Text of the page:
View from the House - Nick Gibb
Last week’s announcement of the spending plans of the Labour government for the next three years marks the turning point in this government’s fortunes.
It reveals a return to the old Labour we all know of ‘tax and spend’ combined with the new Labour we are all getting to know of ‘spin and deception’.
Government spending is set to increase by 2.75% over and above inflation each year for the next three years. For the foreseeable future, the government will run a PSBR of between #4bn and #6bn.
It has abolished the highly successful ‘control total’ which did much to keep spending under control by separating out cyclical expenditure such as unemployment benefits.
This highly profligate announcement was presented as prudent by a careful use of words. Gordon Brown said he was running a ‘current surplus’ of #7bn, #10bn and #13bn over the next three years. He also said government debt was falling – as a proportion of GDP.
So how does this square with the PSBR? Well, it’s like this. The government has introduced a split between current and capital spending. Total revenue less current spending is in surplus. But when capital spending is included, which it must, the government is in deficit each year. Debt is rising but, as a proportion of GDP, it is falling.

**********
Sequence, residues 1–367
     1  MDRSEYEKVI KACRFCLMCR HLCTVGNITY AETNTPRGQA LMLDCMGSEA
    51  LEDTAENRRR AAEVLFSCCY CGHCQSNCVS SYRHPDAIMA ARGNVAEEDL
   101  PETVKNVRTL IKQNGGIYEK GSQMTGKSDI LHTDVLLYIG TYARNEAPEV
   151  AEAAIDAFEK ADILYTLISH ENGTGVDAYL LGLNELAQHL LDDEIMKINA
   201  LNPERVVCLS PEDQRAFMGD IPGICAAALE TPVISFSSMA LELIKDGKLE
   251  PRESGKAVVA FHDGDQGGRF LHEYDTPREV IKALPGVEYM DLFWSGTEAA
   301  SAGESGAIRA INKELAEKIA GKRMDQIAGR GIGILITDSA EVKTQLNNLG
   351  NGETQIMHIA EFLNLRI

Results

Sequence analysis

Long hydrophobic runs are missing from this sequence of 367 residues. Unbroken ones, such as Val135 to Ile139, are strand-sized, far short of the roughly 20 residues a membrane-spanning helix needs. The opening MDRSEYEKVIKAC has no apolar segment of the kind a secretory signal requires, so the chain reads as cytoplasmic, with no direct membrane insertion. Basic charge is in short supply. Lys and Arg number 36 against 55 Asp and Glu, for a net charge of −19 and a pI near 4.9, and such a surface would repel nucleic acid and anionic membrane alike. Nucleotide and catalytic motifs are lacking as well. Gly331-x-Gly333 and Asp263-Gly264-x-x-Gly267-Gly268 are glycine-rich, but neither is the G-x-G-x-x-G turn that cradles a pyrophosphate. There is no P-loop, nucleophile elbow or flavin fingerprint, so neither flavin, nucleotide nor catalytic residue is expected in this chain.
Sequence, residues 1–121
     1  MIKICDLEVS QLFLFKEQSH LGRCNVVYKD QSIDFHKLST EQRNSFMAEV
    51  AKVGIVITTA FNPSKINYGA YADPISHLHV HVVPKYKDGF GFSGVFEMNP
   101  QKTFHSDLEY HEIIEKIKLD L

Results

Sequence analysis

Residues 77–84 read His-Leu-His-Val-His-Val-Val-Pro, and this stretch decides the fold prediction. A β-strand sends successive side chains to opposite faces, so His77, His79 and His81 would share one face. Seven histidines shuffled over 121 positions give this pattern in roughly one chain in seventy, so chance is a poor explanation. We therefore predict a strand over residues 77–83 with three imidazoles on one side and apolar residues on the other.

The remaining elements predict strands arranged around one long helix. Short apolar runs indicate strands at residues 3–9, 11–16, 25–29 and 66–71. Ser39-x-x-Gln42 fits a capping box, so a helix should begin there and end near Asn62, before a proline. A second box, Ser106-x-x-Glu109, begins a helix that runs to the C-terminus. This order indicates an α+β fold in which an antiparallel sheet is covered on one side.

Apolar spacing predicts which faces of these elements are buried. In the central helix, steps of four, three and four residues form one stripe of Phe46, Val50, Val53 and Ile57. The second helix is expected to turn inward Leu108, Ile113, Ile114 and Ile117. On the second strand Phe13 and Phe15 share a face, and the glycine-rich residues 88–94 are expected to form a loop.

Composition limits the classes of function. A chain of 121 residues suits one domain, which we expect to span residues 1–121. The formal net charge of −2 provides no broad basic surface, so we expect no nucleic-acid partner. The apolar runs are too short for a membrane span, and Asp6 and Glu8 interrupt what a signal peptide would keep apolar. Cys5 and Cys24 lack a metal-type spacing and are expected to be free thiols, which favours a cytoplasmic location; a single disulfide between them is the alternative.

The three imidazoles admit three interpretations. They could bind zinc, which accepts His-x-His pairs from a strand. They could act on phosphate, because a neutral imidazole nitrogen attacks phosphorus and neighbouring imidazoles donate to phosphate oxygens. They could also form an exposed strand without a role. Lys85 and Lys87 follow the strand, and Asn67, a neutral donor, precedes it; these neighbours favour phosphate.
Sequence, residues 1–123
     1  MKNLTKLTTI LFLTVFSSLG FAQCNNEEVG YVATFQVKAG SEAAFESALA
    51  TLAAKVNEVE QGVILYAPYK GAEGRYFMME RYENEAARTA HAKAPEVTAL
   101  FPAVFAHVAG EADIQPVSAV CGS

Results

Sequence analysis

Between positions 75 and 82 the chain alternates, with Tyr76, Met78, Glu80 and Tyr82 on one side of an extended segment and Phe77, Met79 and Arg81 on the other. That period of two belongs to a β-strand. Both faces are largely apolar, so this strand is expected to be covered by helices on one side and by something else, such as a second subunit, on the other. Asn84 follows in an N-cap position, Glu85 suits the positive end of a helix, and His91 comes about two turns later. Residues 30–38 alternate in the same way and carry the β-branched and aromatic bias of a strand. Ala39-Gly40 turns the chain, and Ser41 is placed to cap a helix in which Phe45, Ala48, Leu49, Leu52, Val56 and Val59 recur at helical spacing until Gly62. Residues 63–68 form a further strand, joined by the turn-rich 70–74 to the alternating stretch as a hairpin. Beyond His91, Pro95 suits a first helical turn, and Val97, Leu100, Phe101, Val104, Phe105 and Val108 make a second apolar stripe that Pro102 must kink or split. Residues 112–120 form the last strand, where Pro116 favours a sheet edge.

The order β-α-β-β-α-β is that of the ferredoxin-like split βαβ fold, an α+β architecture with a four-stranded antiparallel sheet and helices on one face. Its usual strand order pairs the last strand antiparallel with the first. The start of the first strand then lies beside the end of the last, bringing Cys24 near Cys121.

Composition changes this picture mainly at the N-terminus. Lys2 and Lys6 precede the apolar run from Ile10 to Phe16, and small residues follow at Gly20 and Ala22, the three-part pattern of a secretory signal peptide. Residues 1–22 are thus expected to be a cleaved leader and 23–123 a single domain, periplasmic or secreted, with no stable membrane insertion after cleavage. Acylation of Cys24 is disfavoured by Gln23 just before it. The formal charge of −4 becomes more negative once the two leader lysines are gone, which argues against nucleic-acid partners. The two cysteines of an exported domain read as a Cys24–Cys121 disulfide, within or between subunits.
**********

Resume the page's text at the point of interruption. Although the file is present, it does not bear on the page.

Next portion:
The government’s assumptions in preparing its spending forecasts are dangerously optimistic. Unemployment is assumed to remain at its April 1998 level. This is likely to turn out to be an historically low level.
It has risen in both May and June of this year. The social security spending figure (amounting to one-third of government spending) is consequently likely to be wildly understated.
Growth is assumed to be 2% next year and 2.25% thereafter. The Ernst & Young ‘Item Club’ forecasts growth at 1%; Merrill Lynch forecasts 1.25%.
Wrong assumptions like these mean the figures overstate tax revenues. And inflation is over-optimistic at 2.5%. This figure has only been met once under this government – in May 1997.
The Spending Review is based on wrong assumptions. It is over-profligate, it is a return to tax and spend and consequently interest rates will remain unnecessarily high to the detriment of the economy as a whole.